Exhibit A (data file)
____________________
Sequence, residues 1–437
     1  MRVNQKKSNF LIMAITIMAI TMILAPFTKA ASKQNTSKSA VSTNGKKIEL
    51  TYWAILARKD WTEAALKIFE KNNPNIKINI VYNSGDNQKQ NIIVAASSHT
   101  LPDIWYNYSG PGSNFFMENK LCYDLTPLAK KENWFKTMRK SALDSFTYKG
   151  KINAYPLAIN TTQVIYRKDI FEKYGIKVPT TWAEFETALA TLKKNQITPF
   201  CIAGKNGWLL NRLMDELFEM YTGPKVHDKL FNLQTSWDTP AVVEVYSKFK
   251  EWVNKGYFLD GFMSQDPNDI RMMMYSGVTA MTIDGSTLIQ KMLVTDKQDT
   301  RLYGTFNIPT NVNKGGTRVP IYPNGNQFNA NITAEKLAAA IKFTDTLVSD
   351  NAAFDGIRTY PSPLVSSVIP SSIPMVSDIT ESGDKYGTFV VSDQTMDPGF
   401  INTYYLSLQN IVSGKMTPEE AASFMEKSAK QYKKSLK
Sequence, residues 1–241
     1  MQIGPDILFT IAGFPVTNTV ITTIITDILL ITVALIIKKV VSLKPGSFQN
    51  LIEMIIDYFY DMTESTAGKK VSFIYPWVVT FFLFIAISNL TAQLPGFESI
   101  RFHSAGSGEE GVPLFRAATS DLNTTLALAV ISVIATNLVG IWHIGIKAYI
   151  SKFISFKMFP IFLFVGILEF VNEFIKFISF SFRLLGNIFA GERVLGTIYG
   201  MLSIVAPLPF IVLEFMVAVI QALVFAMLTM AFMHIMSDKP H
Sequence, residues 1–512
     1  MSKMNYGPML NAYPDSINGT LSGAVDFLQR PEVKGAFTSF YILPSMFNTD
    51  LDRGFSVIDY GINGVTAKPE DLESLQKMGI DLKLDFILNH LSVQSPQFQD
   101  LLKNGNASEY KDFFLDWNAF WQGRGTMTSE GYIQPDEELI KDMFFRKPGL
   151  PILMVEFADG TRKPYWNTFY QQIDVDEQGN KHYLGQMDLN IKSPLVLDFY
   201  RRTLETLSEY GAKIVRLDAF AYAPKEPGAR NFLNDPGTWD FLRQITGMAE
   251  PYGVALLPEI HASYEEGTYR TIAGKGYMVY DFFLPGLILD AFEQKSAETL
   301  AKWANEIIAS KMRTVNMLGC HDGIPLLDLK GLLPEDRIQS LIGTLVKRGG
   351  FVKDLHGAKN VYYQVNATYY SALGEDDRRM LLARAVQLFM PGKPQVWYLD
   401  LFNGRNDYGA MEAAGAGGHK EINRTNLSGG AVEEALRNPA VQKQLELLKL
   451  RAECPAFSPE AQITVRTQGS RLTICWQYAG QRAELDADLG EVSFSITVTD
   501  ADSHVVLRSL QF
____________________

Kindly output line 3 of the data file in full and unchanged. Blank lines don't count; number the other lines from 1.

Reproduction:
    51  TYWAILARKD WTEAALKIFE KNNPNIKINI VYNSGDNQKQ NIIVAASSHT